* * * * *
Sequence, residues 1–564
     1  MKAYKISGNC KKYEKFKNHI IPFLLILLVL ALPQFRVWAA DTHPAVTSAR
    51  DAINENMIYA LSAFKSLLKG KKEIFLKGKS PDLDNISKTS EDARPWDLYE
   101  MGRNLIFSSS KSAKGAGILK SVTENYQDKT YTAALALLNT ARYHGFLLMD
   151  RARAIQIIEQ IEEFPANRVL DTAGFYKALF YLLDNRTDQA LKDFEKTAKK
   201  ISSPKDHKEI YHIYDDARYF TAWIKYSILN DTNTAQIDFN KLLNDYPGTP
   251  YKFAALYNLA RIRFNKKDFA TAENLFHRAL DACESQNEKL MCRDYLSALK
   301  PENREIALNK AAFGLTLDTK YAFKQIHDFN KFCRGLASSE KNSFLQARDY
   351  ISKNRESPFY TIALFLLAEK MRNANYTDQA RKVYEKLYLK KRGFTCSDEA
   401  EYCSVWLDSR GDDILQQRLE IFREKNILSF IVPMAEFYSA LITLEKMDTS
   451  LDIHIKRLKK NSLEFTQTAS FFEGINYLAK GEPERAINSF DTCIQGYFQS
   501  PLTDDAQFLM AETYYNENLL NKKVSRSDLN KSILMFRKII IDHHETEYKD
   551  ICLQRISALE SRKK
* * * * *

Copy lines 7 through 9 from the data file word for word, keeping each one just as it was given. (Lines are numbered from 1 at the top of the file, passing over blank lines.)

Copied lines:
   251  YKFAALYNLA RIRFNKKDFA TAENLFHRAL DACESQNEKL MCRDYLSALK
   301  PENREIALNK AAFGLTLDTK YAFKQIHDFN KFCRGLASSE KNSFLQARDY
   351  ISKNRESPFY TIALFLLAEK MRNANYTDQA RKVYEKLYLK KRGFTCSDEA